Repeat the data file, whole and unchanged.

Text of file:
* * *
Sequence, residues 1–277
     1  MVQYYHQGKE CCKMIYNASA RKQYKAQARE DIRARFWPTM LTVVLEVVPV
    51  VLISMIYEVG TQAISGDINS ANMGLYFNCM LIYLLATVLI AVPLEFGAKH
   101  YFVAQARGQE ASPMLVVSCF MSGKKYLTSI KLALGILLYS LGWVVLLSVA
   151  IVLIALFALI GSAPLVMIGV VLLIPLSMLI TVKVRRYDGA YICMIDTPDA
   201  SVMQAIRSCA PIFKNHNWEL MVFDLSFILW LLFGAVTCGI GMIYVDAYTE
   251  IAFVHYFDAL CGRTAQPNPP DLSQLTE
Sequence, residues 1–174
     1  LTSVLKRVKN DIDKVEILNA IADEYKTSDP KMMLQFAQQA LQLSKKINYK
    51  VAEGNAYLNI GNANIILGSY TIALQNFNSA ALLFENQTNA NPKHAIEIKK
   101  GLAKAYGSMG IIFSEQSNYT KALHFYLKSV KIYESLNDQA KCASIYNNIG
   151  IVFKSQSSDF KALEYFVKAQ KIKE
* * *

Sequence, residues 1–277
     1  MVQYYHQGKE CCKMIYNASA RKQYKAQARE DIRARFWPTM LTVVLEVVPV
    51  VLISMIYEVG TQAISGDINS ANMGLYFNCM LIYLLATVLI AVPLEFGAKH
   101  YFVAQARGQE ASPMLVVSCF MSGKKYLTSI KLALGILLYS LGWVVLLSVA
   151  IVLIALFALI GSAPLVMIGV VLLIPLSMLI TVKVRRYDGA YICMIDTPDA
   201  SVMQAIRSCA PIFKNHNWEL MVFDLSFILW LLFGAVTCGI GMIYVDAYTE
   251  IAFVHYFDAL CGRTAQPNPP DLSQLTE
Sequence, residues 1–174
     1  LTSVLKRVKN DIDKVEILNA IADEYKTSDP KMMLQFAQQA LQLSKKINYK
    51  VAEGNAYLNI GNANIILGSY TIALQNFNSA ALLFENQTNA NPKHAIEIKK
   101  GLAKAYGSMG IIFSEQSNYT KALHFYLKSV KIYESLNDQA KCASIYNNIG
   151  IVFKSQSSDF KALEYFVKAQ KIKE